In the aftermath of the financial crisis, the Federal Home Loan Banks should be entering a calmer period when it comes to earnings, but they haven't quite gotten there yet.
The 12 FHLBs reported combined earnings of $514 million in the second quarter, down 30% from a year ago.
All of the banks are profitable. But only the Pittsburgh and Des Moines banks reported a significant increase in second-quarter income on a year-over-year basis. Earnings at the Cincinnati and Topeka banks were flat year-over-year. The other eight FHLBs posted declines.
Several FHLBs are in the process of repurchasing excess stock, which is a healthy sign. And some FHLBs are paying high dividends again even with a drop in year-over-year income.
The San Francisco bank reported earnings of $39 million for the second quarter, down from $104 million a year ago.
The West Coast FHLB blamed the $65 million decrease in net income on the "impact of a fair value loss associated with derivatives, hedged items and financial instruments carried at fair value" and the expenses of derivative instruments used as economic hedges.
However, the San Francisco bank's board of directors declared a cash dividend with an annualized rate of 7.35%, according to a press release issued Wednesday.
The Boston FHLB reported $31.1 million in net income for the second quarter, down 12% from a year ago. In releasing its earnings Wednesday, the Boston bank noted that it is repurchasing $500 million in excess stock from its members.
Another sign of normalization is net interest income, which totaled $864 million in the second quarter, up $26 million from a year ago. However, the 12 FHLBs reported a $35 million loss in the second quarter when it came to non-interest income, compared to $156 million gain a year ago.
The FHLB System is definitely more profitable now that losses on pre-crisis investments in private-label mortgage-backed securities have diminished. The Boston bank reported a credit-related impairment charge of just $400,000 in the second quarter on its PLS holdings.
The FHLB Office of Finance noted in its press release that the FHLBs booked $21 million in second-quarter gains from litigation settlements. The Federal Housing Finance Agency sued Wall Street firms for selling bad PLS to Fannie Mae, Freddie Mac and the FHLBs.
After all the turmoil over the past few years, one would expect the FHLB earnings would stabilize soon. Earnings at the Indianapolis bank, for example, were like a roller coast last year. The bank posted $39 million in earnings for 1Q 2013, $70 million for 2Q, $29 million for 3Q and $80 million for 4Q.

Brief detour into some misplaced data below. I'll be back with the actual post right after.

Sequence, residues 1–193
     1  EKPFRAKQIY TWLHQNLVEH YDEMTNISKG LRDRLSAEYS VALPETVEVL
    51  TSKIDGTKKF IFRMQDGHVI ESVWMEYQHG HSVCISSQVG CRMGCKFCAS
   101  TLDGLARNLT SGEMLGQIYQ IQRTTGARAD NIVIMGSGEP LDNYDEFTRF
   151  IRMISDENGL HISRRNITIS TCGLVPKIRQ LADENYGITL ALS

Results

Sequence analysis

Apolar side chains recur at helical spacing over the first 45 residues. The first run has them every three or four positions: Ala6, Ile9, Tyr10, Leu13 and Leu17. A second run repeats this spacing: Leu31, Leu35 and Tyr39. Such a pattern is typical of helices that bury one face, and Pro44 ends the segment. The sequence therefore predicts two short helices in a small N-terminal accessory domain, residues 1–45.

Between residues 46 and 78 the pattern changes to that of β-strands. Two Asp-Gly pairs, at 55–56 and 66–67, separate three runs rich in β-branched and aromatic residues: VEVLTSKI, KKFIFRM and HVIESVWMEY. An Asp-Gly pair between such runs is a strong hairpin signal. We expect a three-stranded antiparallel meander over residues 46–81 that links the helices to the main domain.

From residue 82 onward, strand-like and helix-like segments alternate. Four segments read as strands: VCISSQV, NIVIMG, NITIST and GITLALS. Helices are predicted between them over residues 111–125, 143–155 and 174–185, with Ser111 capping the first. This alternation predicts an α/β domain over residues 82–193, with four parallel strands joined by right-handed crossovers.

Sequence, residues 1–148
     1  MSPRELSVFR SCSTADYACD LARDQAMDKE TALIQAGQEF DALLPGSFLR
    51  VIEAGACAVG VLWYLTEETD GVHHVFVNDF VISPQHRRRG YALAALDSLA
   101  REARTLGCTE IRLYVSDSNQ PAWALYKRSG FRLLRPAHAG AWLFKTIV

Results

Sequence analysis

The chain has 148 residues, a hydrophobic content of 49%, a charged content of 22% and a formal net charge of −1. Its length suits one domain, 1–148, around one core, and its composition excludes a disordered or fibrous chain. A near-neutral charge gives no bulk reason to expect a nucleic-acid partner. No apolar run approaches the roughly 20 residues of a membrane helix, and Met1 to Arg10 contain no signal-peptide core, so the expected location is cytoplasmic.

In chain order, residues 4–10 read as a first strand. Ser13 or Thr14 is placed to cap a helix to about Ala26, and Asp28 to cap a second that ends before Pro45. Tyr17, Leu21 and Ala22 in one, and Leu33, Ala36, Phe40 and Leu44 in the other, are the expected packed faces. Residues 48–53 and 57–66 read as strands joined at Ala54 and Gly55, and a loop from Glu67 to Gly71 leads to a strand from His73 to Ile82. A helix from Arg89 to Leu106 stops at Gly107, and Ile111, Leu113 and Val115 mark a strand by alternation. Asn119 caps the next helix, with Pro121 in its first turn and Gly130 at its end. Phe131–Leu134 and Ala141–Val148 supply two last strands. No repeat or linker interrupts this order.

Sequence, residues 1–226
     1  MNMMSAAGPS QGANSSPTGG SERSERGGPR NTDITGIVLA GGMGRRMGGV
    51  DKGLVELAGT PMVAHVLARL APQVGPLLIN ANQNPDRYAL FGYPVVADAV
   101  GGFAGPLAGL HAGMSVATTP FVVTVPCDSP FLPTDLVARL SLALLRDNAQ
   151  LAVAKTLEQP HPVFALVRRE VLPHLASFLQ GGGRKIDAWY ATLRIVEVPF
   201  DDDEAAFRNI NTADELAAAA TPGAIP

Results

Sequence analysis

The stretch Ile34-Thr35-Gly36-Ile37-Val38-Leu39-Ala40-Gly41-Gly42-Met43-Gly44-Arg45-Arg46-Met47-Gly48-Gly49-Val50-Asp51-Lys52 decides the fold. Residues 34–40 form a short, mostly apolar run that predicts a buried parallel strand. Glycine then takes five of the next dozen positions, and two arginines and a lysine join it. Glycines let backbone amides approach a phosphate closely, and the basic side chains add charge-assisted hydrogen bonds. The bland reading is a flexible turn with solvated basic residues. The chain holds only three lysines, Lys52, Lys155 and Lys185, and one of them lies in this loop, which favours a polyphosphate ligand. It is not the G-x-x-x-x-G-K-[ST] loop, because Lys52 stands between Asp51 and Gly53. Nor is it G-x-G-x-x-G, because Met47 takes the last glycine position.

This year, earnings have leveled out at $34 million in the first quarter and $33 million in the second quarter.
This could reflect a return to normal and that FHLB earnings going forward might be more stable.
The Chicago FHLB posted net income of $94 million for 2Q, down from $149 million a year ago. The Windy City bank attributed the decline to a one-time event last year. In the second quarter of 2013, the bank "recognized a $50 million gain from the reversal of the previous charge relative to its Community First Fund."
The Community First Fund is a revolving loan fund that is funded separately from the Chicago FHLB's traditional grant programs, such as its Affordable Housing Program.
The 12 district FHLBs held $536.6 billion in advances as of June 30, up from $458.5 billion a year ago. Some of the increases in advances are due to borrowings by large banks that are seeking to increase their liquidity to meet new regulatory standards, according to a recent report by the FHFA inspector general. Traditionally, advances are used to fund mortgage finance activities.
The Boston bank noted advances increased by $4.8 billion or 17% during the first half of this year. "This increase of advances during 2014 was concentrated primarily in short-term advances. We cannot predict whether this trend will continue."